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Kibbet Raheb
lemony lentil and swiss chard soup with bulgur wheat bites

RECIPE BY JULIE ANN SAGEER (JULIE TABOULIE)

Photo Credit: Alexandra Grablewski

In Arabic, Kibbet Raheb translates as “Monk’s Soup,” as this dish, which dates back to biblical times, was often enjoyed during the fasting period of Lent, and on Good Friday among Lebanese Catholics. I love to make this hearty, lemony soup with soft bulgur bites as a warming springtime dinner or lunch, and I’ll often make a big pot of it on a Sunday so I can heat it up throughout the week.

 

MAKES 8 TO 10 SERVINGS

SOUP

2 cups brown lentils

1 bunch Swiss chard

1 tablespoon sea salt

1 whole garlic head (about 10 cloves) peeled and finely mashed or pureed into a smooth paste

1⁄2 cup freshly squeezed lemon juice

1⁄3 cup olive oil

2 tablespoons fresh flat-leaf parsley leaves, coarsely chopped for serving

BULGUR WHEAT BITES

1 cup #1 fine bulgur wheat, soaked and softened

2 tablespoons shallots, finely minced

1 medium yellow onion, finely minced

1⁄3 cup fresh flat-leaf parsley leaves, finely chopped

1⁄2 cup unbleached all-purpose flour, plus more as needed

1 teaspoon sea salt

Spread the lentils out in a single layer on a clean kitchen towel, and run your fingers through to ensure that there are no small stones or impurities. Then, rinse lentils in a fine-mesh sieve under cold running water and drain over the sink.

 

Transfer the lentils to a very large pot and cover with 1 gallon (16 cups) of cold water. Place on the stovetop but do not turn on the heat.

 

Make the bulgur bites: Place the bulgur wheat in a large bowl, cover completely with 3 cups cold water, and set aside to soak and soften, about 20 minutes.

In a separate large bowl, combine all the remaining bulgur bite ingredients and mix together.

 

After 20 minutes, test the bulgur wheat by squeezing some of the grains between your fingertips; it should be soft and squishy, with no firmness. If it is still firm, continue to soak it.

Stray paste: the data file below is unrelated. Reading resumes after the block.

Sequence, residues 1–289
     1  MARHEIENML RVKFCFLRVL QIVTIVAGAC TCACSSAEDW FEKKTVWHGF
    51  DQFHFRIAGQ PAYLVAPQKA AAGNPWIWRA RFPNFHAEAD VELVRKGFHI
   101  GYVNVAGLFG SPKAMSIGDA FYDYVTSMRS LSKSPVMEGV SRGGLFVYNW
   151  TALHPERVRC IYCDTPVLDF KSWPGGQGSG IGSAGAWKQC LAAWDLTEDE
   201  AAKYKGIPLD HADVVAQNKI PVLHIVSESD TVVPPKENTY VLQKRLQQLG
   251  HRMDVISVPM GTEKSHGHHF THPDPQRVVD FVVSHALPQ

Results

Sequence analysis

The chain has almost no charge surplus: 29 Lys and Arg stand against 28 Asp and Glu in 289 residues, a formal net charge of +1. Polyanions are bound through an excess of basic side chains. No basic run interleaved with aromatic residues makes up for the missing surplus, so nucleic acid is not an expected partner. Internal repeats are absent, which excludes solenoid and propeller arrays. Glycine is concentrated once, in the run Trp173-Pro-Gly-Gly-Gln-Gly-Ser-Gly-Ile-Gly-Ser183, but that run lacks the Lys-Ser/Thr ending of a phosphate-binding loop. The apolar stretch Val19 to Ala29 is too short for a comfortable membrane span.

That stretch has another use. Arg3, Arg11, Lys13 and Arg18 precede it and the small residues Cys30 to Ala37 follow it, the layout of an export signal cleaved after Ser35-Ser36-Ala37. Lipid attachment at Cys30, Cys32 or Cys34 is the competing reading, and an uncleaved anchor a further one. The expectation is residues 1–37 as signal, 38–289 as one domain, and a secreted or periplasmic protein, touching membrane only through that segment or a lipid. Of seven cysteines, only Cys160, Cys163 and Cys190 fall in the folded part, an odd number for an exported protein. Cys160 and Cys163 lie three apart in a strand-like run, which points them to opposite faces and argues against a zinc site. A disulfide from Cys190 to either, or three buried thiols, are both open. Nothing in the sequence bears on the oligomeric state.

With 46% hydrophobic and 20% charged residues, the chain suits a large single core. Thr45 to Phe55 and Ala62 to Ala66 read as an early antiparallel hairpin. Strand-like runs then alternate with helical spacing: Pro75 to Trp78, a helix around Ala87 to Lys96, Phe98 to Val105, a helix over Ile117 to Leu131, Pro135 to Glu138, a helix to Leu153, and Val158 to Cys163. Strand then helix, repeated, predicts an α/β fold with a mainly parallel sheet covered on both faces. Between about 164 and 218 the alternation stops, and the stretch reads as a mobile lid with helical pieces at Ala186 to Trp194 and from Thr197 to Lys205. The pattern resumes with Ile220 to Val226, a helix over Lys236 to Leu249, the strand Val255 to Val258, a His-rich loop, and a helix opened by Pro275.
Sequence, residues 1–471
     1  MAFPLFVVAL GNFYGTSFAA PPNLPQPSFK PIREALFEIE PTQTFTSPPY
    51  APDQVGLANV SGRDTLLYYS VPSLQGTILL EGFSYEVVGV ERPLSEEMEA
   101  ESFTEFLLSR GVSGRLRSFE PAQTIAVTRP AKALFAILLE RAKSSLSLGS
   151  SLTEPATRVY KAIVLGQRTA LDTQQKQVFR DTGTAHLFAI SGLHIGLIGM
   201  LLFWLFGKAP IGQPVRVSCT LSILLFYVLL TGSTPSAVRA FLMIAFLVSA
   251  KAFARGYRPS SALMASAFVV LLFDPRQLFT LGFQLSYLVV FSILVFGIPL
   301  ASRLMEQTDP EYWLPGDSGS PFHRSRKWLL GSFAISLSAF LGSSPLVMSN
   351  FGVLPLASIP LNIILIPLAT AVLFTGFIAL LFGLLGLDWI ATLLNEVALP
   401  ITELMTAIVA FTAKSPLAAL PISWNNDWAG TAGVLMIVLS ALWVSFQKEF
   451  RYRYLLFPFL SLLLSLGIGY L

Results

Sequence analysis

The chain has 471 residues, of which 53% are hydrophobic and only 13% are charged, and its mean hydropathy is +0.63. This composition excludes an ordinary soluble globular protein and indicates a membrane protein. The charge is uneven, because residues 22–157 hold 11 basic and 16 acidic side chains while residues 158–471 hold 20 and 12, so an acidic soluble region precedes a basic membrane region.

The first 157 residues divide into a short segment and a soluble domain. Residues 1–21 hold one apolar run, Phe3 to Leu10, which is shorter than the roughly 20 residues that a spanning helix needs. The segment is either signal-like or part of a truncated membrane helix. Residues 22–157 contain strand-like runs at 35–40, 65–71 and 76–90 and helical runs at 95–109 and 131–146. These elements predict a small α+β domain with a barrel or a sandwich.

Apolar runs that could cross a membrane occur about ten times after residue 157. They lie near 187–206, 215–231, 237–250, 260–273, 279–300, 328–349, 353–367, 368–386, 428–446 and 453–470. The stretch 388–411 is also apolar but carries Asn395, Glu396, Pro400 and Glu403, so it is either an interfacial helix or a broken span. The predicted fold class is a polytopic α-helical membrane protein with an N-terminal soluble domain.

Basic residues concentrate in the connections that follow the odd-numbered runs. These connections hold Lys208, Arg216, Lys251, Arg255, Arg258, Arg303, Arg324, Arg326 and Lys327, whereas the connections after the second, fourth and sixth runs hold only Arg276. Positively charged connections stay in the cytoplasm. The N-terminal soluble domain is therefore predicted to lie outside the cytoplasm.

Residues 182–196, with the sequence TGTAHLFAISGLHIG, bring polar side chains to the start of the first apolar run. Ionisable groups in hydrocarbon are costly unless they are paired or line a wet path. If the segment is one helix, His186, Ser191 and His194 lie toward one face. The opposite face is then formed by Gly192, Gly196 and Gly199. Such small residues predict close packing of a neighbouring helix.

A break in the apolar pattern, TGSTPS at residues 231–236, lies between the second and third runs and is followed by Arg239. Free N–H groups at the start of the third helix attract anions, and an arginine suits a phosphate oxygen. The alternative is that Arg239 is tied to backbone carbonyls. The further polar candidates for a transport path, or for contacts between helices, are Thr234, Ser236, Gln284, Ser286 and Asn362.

Once the bulgur has adequately softened, dip one of your hands into the bowl, and squeeze most of the water out of the grains over the bowl, leaving just a little bit of water so that the bulgur will bind together. Sprinkle the bulgur into the large bowl over the other ingredients, working in handfuls until all of the bulger has been added in. Using your hands, thoroughly mix all the ingredients together until they are well incorporated. Then, begin to knead the dough, plunging your fists in and then flipping the entire mixture over, until it comes together tightly. It should be sticky and moist, but not overly wet or dry. If the dough feels too wet, add additional flour by the teaspoon, and if it is too dry, add additional water by the teaspoon.

 

At this point, turn on the heat to medium under the large pot of lentils on the stovetop and cook, uncovered, watching for the pot to begin boiling.

Form the bulgur bites: Lightly flour a baking sheet or board and set aside.

 

Lightly flour a large counter or cutting board, and transfer the dough onto the surface. Using your hands, mold the mixture into a large ball, and flatten it down by pressing with the palms of your hands, beginning in the center of the dough and working your way out, until the dough is uniformly 1⁄2 inch thick.

 

Using a dough cutter or sharp knife, slice vertically through the dough, into 6 even strips, about 1 inch thick. Take each strip and roll it under your hands left to right, to form a breadsticklike shape that is long and thin. Then, using a sharp knife, cut across each strip horizontally, to create 1⁄2-inch cubes. Lightly roll them into balls, using the palms of your hands, and spread them out evenly on the floured baking sheet or board.

 

By now, the pot of lentils should be at a boil. Once the water is boiling, using a handheld strainer or large slotted spoon, carefully place the bulgur bites into the lentil liquid, adding them in small batches and tapping off any excess flour from the balls before placing them in the liquid.

 

Gently stir to ensure that the balls do not stick to each other. Then, turn the heat to low and simmer, uncovered, for 10 to 12 minutes, just until the bites have cooked through.

While the bites simmer, thoroughly rinse the Swiss chard leaves under cold running water and shake off as much excess water as possible. Slice off the thick end and center stems and discard to save for another use. Layer the leaves on top of one another, roll them up, and slice across the leaves with a sharp knife, creating 1-inch-wide ribbons. Add to the pot, season with the salt, and simmer for 10 to 12 minutes until the greens are cooked through.

 

Once the greens have cooked, add the garlic paste, lemon juice, and olive oil and simmer for a few minutes more. Taste and add additional seasoning as needed. Sprinkle with the chopped parsley. Serve hot with warm Khebez Arabi (pocket bread).

 

VARIATION: For a gluten-free version, replace the bulgur wheat with cooked and chilled quinoa, and use gluten-free flour instead of all-purpose flour.

Copyright 2017 by Julie Ann Sageer in Julie Taboulie’s Lebanese Kitchen, St. Martin’s Press/St. Martin’s Griffin. All Rights Reserved.

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RECIPE BY JULIE ANN SAGEER (JULIE TABOULIE)

 

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